Point-Counterpoint: Is An Initial TMA Better Than A Partial Ray Amputation in Patients With Diabetic Neuropathy?
A Closer Look At Adjunctive Surgical Options
Cunha and coworkers discussed the role of tendo-Achilles lengthening procedures to further reduce forefoot pressures and prevent re-ulceration or proximal amputation in eight of 12 patients.7 They identified four patients who needed further debridement or progression to a TMA. However, their findings further validate the importance of preoperatively recognizing and addressing deformities that may ultimately compromise the successful outcome of a partial first ray amputation.
Miller and colleagues further discuss the potential role of panmetatarsal head resection procedures in reducing forefoot pressures in an effort to prevent forefoot ulcerations and the potential risk of TMA.5
Recognizing The Benefit Of Post-Op Prosthetic Modifications
The recognition of progressive deformity pre- and post-amputation will allow for a more comprehensive prosthetic prescription that will more effectively sustain the foot at the level of a partial first ray amputation. It would behoove the surgeon to gain thorough knowledge as to the role of prosthetic modifications, individual and in combination, in an effort to achieve the best outcome for the patient.
Amputation filler additions to full-contact accommodative insoles can compensate to various degrees for the loss of the hallux. Modifying shoes to include a carbon plate or rocker-type forefoot will further aid in offloading the forefoot.
It is also crucial to note that the majority of patients who have associated comorbidities such as coronary artery disease, chronic obstructive pulmonary disease or advanced systemic disease will often require the use of assistive devices in gait, such as canes, walkers, etc. This can further facilitate modifications in walking speed to increase overall function in the prescription shoegear. One may also consider the addition of a dynamic ankle foot orthotic (AFO) device similar to that for patients with a transmetatarsal amputation in an effort to reduce some of the forces during gait that may increase forefoot and lateral weightbearing distributions.
Ultimately, clinicians must be thorough in regard to post-procedure prosthetic prescriptions and work closely with prosthetists in an effort to sustain an acceptable functional outcome post partial first ray amputation.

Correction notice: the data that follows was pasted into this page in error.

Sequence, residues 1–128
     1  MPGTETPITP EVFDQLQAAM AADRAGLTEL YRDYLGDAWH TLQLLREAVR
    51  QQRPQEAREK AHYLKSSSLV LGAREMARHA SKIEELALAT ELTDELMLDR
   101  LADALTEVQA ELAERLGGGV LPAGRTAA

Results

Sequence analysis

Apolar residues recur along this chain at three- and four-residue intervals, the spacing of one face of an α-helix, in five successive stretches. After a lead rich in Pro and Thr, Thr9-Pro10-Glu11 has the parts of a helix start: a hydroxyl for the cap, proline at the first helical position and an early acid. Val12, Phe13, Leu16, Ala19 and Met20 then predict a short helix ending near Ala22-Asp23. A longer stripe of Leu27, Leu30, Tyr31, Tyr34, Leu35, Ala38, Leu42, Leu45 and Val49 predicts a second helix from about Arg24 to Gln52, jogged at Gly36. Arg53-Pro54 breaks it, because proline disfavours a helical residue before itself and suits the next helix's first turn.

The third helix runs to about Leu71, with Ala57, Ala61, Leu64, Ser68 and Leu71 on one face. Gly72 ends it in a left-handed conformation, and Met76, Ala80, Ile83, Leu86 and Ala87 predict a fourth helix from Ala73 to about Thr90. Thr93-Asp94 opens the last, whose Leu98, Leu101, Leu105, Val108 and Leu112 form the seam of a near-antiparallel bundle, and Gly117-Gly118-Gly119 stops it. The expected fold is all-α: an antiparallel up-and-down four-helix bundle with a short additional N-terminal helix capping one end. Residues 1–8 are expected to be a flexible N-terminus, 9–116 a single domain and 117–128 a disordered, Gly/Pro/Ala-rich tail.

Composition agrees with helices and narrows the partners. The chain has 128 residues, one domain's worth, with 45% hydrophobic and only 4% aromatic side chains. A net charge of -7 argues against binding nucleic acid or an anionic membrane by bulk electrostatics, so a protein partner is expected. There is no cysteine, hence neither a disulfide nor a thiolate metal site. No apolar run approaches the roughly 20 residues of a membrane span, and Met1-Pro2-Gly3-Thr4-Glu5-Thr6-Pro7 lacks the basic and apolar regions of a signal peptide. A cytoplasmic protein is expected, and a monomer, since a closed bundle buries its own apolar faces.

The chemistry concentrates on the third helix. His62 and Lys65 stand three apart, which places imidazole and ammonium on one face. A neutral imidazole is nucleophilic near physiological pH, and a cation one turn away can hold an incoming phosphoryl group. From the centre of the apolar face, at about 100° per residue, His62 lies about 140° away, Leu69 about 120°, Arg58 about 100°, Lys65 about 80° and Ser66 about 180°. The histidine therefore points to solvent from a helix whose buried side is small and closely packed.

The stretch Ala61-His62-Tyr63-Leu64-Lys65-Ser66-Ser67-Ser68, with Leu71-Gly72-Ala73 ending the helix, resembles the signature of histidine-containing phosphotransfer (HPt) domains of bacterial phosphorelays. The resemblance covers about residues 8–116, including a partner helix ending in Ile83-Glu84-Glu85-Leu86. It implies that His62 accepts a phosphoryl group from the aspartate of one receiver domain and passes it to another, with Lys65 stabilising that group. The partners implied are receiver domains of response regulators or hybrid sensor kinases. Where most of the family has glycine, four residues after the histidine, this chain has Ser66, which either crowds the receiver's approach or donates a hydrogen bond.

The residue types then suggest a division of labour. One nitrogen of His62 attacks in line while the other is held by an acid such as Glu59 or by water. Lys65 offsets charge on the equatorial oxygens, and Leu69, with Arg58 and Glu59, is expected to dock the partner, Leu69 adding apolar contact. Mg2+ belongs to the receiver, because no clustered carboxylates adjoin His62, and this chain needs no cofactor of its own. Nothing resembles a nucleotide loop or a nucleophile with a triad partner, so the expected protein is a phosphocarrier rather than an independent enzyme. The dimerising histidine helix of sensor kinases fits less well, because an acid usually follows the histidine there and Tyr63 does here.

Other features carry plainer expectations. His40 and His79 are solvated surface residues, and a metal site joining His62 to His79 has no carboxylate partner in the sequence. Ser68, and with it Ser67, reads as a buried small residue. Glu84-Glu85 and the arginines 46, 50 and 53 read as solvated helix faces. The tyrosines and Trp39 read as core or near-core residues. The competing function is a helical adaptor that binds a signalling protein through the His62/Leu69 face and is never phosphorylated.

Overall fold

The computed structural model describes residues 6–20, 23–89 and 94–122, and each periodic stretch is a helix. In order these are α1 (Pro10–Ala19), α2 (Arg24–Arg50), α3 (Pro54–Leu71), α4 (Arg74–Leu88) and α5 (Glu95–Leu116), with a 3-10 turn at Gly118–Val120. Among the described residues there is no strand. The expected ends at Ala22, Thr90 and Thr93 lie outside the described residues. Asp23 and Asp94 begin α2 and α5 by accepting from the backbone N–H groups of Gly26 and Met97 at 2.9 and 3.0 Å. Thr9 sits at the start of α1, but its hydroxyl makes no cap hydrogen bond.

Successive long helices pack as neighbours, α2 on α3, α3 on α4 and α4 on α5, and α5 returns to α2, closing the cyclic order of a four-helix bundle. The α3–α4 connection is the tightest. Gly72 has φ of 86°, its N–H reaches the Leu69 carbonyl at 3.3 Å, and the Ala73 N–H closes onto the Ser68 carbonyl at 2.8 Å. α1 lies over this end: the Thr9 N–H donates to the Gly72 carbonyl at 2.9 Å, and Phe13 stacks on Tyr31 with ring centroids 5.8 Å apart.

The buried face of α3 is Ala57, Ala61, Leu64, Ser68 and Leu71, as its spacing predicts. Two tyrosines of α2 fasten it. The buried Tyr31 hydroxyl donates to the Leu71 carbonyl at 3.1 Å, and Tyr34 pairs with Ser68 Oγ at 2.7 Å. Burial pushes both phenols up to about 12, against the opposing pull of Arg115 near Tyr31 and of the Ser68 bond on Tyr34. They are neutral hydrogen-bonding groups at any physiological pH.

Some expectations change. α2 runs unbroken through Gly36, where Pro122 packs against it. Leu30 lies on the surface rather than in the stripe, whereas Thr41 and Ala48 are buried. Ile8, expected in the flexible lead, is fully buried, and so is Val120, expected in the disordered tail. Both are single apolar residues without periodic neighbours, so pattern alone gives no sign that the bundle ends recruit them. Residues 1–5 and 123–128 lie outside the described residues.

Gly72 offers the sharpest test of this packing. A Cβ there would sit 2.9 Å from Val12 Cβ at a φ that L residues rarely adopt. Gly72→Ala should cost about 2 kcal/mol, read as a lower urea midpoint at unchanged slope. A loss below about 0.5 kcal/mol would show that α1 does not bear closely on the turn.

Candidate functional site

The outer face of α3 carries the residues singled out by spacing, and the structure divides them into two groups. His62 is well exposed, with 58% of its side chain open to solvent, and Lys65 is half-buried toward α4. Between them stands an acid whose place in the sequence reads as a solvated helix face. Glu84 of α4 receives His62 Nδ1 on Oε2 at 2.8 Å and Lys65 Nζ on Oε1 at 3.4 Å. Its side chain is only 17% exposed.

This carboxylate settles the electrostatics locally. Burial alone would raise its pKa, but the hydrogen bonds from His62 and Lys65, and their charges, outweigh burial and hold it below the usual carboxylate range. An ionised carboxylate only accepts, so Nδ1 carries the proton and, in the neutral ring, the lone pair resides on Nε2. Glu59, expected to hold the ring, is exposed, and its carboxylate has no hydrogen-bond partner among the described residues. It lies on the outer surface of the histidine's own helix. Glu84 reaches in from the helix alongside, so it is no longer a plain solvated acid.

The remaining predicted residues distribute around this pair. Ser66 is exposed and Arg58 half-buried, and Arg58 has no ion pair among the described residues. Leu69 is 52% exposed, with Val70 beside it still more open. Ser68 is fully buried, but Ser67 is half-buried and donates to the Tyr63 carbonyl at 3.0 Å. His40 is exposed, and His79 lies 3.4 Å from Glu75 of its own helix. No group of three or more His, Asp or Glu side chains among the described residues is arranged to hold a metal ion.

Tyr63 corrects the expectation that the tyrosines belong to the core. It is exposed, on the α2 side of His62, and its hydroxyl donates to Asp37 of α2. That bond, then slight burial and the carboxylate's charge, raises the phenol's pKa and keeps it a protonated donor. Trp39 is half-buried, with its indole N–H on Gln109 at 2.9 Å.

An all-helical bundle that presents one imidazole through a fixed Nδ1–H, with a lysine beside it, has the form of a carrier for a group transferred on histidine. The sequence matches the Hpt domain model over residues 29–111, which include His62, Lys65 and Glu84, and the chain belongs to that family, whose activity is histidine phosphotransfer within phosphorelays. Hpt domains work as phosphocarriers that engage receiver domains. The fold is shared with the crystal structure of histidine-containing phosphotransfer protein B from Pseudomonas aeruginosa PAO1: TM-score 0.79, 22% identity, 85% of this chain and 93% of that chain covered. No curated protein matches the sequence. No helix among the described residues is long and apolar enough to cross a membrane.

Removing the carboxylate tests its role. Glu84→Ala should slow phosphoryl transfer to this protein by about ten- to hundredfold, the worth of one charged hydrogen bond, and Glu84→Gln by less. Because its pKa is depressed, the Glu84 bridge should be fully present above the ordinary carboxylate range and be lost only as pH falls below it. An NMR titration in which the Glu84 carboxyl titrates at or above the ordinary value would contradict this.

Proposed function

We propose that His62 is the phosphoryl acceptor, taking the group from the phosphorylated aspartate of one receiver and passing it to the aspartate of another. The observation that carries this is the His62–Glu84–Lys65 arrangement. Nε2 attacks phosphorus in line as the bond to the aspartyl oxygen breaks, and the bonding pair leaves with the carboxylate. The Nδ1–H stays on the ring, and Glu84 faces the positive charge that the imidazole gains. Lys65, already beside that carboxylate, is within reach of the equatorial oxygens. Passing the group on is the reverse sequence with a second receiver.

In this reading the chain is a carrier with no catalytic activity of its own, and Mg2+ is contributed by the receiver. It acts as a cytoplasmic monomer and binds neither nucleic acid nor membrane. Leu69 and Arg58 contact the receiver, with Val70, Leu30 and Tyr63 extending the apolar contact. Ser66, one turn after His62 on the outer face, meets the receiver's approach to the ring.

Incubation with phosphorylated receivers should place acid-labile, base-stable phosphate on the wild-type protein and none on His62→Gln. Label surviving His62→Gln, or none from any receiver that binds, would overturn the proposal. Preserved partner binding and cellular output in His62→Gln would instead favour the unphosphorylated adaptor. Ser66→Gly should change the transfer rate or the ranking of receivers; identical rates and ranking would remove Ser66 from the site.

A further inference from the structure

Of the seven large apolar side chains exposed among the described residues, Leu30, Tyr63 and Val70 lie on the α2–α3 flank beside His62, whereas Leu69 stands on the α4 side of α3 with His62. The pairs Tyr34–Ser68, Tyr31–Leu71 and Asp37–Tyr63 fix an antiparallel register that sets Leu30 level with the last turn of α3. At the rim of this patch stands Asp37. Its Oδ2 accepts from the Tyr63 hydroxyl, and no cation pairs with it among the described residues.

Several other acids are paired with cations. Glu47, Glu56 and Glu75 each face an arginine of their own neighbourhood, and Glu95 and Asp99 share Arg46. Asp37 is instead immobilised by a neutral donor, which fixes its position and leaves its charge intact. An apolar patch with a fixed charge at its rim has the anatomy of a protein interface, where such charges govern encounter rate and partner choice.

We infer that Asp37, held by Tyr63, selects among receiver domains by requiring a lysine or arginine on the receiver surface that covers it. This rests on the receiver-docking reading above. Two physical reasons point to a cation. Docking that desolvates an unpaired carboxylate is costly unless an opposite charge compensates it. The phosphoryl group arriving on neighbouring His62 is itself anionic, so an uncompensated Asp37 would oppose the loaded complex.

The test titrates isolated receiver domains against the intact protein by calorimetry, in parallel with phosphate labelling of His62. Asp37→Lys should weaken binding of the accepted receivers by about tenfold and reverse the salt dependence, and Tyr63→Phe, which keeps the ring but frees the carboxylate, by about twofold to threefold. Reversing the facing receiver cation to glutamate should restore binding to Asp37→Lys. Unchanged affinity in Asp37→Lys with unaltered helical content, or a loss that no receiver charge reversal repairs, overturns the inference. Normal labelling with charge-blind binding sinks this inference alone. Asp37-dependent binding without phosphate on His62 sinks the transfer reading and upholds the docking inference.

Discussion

Do Patients With First Ray Amputations Have Greater Function And Mobility Than Those Who Have Had TMAs?
In regard to biomechanical function, it has been widely accepted that a TMA provides a more stable base, a re-established metatarsal parabola and decreased energy expenditure in comparison to partial first ray amputations. However, more recent studies have further questioned these claims.
Dillon and Fatone explain that once the amputation is beyond the metatarsal heads collectively, via transmetatarsal or tarsal level amputations, the respective foot length no longer contributes to power generation at the ankle.1 They also note that the outcome is equivalent to the loss of ankle power that occurs with a transtibial amputation, resulting in further compensation at the hip. Other similarities include walking speeds, which the study found to be comparable in patients with partial foot level amputations and transtibial amputations. This study further questions the increased function or mobility of patients who have had midfoot amputation when taking less than moderate walking speeds into account.
Ultimately, these questions raise the need for further research and open the door to question the superiority in function, mobility and healing rates of a midfoot amputation in comparison to a partial first ray amputation.
How Psychosocial Factors Come Into Play With Amputation
Aside from the goals to attempt to achieve function, mobility and minimal deformity in amputation planning, one must also take into account patient factors such as quality of life and psychosocial considerations. Amputation resulting from prolonged ulcer or wound healing has already taxed the patient and his or her social network. Progression to amputation has the potential to further compromise quality of life.